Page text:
The International Centre for Settlement of Investment Disputes (ICSID), one of the five organisations of the World Bank Group, has announced a 700-page ruling against Pakistan in the Reko Diq case. The ICSID awarded a $4.08bn penalty and $1.87bn in interest.
The management of the Tethyan Copper Company (TCC) had claimed $11.43bn in damages. The company had filed claims for international arbitration before the ICSID in 2012 after the Balochistan government rejected a leasing request from the company.
Reko Diq mine is famous because of its vast gold and copper reserves and is believed to have the world’s fifth largest gold deposit. Reko Diq, which means sandy peak in the Balochi language, is a small town in Chagai district in Balochistan. It is located in a desert area, 70km north-west of Naukundi, close to the border with Iran and Afghanistan. The area is located in the Tethyan belt that stretches all the way from Turkey and Iran into Pakistan.
Progress on the Reko Diq project came to a standstill in November 2011, when the government of Balochistan summarily rejected the application by the TCC’s local operating subsidiary for a mining lease in respect of Reko Diq.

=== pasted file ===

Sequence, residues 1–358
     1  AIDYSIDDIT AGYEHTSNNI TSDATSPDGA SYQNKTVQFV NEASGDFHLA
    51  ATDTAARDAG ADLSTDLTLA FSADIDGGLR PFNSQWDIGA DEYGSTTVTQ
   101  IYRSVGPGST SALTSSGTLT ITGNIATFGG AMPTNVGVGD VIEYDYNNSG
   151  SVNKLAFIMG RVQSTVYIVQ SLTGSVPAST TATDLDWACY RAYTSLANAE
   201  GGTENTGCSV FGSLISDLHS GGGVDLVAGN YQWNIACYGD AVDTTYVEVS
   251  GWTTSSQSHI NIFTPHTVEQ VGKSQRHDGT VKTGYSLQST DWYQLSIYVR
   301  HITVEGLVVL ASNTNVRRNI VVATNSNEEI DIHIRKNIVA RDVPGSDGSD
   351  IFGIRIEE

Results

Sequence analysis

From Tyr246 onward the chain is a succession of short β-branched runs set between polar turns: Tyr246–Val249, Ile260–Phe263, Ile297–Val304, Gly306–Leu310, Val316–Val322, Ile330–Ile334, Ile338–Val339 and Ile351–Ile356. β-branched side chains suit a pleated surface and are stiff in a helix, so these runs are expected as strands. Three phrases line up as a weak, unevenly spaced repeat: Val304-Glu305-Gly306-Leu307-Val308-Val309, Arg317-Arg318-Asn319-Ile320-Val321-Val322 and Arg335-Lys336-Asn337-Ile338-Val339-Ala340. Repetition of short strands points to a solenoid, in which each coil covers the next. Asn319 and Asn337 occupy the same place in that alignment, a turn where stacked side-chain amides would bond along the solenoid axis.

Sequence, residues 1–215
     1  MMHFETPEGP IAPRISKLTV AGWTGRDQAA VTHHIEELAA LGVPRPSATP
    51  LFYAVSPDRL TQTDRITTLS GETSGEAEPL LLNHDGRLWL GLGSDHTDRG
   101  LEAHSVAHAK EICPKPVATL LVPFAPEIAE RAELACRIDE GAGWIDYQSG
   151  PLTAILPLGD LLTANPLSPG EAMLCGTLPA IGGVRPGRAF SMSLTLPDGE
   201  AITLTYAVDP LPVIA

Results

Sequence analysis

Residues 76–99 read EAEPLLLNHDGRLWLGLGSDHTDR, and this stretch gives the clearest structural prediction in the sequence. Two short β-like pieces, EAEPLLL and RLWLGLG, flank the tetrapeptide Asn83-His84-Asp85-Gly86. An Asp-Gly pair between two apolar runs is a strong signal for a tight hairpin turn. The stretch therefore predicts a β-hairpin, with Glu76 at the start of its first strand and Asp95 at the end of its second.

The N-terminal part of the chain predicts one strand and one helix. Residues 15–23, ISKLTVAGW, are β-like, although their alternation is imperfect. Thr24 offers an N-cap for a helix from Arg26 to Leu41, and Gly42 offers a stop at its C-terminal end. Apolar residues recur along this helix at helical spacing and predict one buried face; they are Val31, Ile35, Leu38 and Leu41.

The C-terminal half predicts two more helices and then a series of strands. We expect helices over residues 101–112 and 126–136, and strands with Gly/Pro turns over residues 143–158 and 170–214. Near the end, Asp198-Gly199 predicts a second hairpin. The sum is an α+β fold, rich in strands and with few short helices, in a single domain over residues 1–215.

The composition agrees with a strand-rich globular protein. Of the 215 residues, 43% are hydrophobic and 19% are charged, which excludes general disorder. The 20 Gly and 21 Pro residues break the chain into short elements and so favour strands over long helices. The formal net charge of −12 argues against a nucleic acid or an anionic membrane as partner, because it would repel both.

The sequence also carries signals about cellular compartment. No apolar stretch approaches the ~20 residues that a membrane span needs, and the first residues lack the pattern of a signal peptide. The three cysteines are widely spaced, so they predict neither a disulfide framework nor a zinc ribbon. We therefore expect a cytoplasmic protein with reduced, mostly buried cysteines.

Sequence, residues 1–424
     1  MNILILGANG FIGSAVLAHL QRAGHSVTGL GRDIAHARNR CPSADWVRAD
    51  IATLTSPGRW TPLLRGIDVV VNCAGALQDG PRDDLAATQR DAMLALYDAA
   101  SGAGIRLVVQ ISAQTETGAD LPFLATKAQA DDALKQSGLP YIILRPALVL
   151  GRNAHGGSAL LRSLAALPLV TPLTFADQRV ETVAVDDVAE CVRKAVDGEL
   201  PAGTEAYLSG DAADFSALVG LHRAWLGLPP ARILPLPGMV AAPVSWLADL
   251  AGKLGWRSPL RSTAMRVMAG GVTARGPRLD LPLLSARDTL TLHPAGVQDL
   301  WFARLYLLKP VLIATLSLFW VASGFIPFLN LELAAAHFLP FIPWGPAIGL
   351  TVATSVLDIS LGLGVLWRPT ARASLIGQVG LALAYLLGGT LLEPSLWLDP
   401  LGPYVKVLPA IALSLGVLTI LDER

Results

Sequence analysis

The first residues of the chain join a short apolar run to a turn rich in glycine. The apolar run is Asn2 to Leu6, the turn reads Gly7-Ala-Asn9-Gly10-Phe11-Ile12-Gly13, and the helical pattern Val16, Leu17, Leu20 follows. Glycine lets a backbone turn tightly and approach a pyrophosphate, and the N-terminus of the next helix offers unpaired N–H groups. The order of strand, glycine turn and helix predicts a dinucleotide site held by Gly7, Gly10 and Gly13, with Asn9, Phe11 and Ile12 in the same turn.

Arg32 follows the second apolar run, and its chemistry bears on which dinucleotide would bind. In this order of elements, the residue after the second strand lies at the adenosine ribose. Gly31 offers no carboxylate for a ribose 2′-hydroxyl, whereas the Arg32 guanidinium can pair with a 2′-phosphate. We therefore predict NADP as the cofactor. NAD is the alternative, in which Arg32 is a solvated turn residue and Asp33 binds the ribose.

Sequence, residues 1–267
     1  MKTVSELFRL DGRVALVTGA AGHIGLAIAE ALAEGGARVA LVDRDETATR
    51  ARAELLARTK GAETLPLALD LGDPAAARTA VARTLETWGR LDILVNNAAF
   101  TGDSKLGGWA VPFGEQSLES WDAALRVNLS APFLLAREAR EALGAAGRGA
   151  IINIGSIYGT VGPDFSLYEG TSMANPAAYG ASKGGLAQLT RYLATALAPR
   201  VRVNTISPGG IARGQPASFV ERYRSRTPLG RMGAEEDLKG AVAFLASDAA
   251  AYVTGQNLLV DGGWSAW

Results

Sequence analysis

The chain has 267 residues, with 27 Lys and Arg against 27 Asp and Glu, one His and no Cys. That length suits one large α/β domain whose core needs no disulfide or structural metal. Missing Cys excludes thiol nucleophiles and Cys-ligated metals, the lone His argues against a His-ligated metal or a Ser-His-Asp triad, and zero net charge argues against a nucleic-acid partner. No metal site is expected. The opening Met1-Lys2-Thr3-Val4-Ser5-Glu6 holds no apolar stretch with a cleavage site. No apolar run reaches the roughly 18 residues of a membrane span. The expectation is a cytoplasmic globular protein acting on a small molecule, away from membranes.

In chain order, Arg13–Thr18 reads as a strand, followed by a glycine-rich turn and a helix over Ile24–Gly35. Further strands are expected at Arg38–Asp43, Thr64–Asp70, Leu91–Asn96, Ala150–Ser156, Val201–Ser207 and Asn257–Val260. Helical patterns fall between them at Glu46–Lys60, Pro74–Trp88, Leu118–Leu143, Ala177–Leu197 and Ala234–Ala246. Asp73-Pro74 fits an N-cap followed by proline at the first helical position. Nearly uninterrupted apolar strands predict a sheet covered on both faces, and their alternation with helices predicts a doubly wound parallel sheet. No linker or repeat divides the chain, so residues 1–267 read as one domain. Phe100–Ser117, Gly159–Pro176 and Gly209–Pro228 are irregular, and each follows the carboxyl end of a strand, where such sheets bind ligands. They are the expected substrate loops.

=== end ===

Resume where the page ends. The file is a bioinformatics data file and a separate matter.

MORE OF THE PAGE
The TCC was of the view that under the Chagai Hills Joint Venture Agreement (CHEJWA) between the company and the Balochistan government, as well as under the Balochistan Mineral Rules 2002, the TCC Pakistan was legally entitled to the mining lease subject only to ‘routine’ government requirements.
To protect its legal rights, in November 2011 the TCC commenced international arbitration proceedings at two forums: one against the Pakistan government with the International Centre for Settlement of Investment Disputes, asserting breaches of the Bilateral Investment Treaty between Australia (where the TCC is incorporated) and Pakistan, and another against the Balochistan government with the International Chamber of Commerce, asserting breaches of the CHEJVA.
Tethyan board chair William Hayes said in a statement the company was still “willing to strike a deal with Pakistan,” but added that “it would continue protecting its commercial and legal interests until the dispute was over.”